A Great Neck mother who's daughter was murdered in St. Louis four years ago, traveled to Connecticut this past weekend to offer her voice on the issue of gun violence.
Lois Schaffer, a 40-year resident of Great Neck Estates, was one of thousands from both sides of the gun debate who attended a public hearing of the Bipartisan Task Force on Gun Violence Prevention and Children's Safety in Hartford.
Schaffer's daughter, Susie, a 48-year-old single working mother who grew up in Great Neck was shot in 2008 as she walked into her home with groceries interrupting a burglary in progress by two 17-year-old assailants who had a stolen gun from another home in the neighborhood.
The Connecticut task force was formed earlier this month in response to the Dec. 14 shooting at Sandy Hook Elementary School that claimed the life of 20 first graders and six educators.
Scaffer was in Hartford for two days in an effort to tell her story. She and other gun-violence victims spoke during a press conference Sunday afternoon at the Legislative Office Building in Hartford.
"I'm sorry that it had to be it. Six innocent adults and 20 children," Schaffer said to the Hartford Courant at the event. "This has got to stop."
Testimony before a working group of the legislature's Bipartisan Task Force on Gun Violence Prevention and Children's Safety took place Monday, but after signing up to speak, Schaffer's number was not called due to time constraints and the lottery system used at the event.
In a statement submitted to the committee, Schaffer wrote:
Mr. Chairman and Members of the Committee:
My name is Lois Schaffer, a resident of Great Neck, a suburb of Nassau County, New York and a victim of gun violence.
Four years ago, December 16, 2008 to be exact, our daughter, Susan Schaffer whom we called “Susie” was murdered. Susie was a 48-year-old single working mother who was shot as she walked into her home with groceries interrupting a burglary in progress by two 17-year-old thugs who had a stolen gun as the result of rampaging other homes in Susie’s neighborhood. It must also be noted that our daughter was cognizant of the consequences of guns and would not permit her children to even own a water gun.
I have always tried to end gun violence as a citizen, a constituent of my Assemblywoman, Michelle Schimel, who has worked tirelessly on this cause and a member of the non-profit organization New Yorkers Against Gun Violence. I am even more passionately involved because of our personal tragedy.
Gun violence has escalated since four years ago when our daughter was murdered. It’s become a daily occurrence. The day after the Arizona tragedy in January 2011, New York’s Mayor Michael Bloomberg stated: “Thirty-four Americans are murdered—every single day. Tomorrow there will be another 34. And so it will continue...”
It’s ludicrous to think that shampoo is being confiscated at airports, yet concealed weapons are permitted, gun trafficking continues, assault weapons are purchased on a multiple basis at gun shows...no background check,.. no questions asked.
This is America. Supposedly a humane society. Yet we witness tragic deaths daily due to gun violence. It must change. Shooting animals for sustenance may be acceptable, yet the preservation of human life must be taken into account as well. The Second Amendment has been twisted to fit the needs of the conglomerate who work hand in hand: gun lobbyists, the manufacturers and the NRA.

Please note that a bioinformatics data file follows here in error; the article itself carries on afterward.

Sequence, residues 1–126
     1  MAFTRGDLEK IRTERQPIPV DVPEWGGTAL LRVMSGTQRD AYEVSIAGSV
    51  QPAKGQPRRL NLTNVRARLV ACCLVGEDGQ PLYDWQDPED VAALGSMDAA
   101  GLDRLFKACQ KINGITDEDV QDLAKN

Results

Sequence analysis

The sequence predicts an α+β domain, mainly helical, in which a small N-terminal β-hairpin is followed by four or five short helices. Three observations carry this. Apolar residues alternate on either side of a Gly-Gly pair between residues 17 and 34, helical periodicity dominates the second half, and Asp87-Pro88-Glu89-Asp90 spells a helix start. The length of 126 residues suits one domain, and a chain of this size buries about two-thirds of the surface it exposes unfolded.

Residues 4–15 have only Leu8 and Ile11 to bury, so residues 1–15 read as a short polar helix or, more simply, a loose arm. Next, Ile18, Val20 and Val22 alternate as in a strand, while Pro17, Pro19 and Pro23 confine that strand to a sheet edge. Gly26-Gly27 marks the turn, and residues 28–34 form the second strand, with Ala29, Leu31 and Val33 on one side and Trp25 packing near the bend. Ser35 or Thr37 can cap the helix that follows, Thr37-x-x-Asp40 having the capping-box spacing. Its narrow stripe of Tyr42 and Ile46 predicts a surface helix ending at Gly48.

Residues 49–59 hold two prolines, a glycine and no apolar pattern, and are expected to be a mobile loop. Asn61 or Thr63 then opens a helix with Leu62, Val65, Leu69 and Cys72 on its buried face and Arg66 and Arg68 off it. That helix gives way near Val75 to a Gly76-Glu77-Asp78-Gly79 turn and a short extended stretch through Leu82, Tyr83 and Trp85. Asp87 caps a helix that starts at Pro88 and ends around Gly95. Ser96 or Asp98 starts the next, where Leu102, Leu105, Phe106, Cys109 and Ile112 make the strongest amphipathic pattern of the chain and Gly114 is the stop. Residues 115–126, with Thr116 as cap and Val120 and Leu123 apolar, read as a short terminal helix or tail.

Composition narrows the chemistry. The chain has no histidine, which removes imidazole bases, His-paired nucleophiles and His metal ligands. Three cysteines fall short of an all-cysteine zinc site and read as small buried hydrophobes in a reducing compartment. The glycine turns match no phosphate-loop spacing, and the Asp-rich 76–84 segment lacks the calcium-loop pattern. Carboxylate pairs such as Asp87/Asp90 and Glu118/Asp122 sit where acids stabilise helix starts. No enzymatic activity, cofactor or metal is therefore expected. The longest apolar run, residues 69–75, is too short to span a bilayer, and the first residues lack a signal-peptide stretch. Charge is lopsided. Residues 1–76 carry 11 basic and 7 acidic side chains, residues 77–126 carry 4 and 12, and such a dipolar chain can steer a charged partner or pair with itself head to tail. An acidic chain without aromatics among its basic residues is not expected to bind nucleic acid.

I could go on and on: The Kennedys, Martin Luther King, John Lennon, Allard Lowenstein, the husband of Congresswoman Carolyn McCarthy (who ran and was elected on the gun control issue) Tucson, Gabrielle Gifford, Judge John Roll, Christina Taylor Green, Virginia Tech, Fort Hood, Texas, Aurora, Colorado, Columbine and now the most horrendous tragedy of all: 20 innocent 6-year-old children in addition to 7 adults massacred by a maniac here in Connecticut...and to add to it the responding firefighters who were murdered 10 days later on Christmas eve.
Four years ago, I told my Assemblywoman Michelle Schimel and the staff at New Yorkers Against Gun Violence that we have witnessed so many deaths due to gun violence, whether it was a single death or massacre. I added that there would be a horrific event that would finally initiate action by our Nation. That day occurred on December 14th in Newtown Connecticut. Newtown has impacted the world in everyone’s gut and heart. This is the moment. This is the time for change.
The massacre at Newtown has finally “put a face” on gun violence. It has raised people’s consciousness that mirrors the loss such as our family experienced. The media has publicized the affects of the losses on the survivors. The nation must now begin a groundswell for change on this grave and societal issue.
Change has finally begun in New York State. I take pride as a New York resident to acknowledge Governor Cuomo’s New York Safe Act. He signed a sweeping package to reduce gun violence. It’s the first state to pass gun legislation since the massacre in Newtown. Let Connecticut be the second.
The New York Safe Act tightens the state’s assault weapons ban, reduces the maximum size of the ammunition magazines, from 10 rounds to 7, strengthens permit requirements for firearms, requires background checks for all gun sales, including private sellers and buyers, mandates that clinicians in mental health report patients whom they consider a threat to commit suicide, whose guns and permits are then mandated to be confiscated, creates a state-wide gun data base that would prevent public accessibility.
The above legislation has pitfalls such as permitting 7 rounds of ammunition instead of 10 because just one bullet can be lethal. But it’s a step in the right direction. Please use New York as a beacon and pass new gun laws to keep all persons and our children safe. I hope Connecticut’s legislature will initiate change politically, but more important for the preservation of humanity.
Great Neck, N.Y.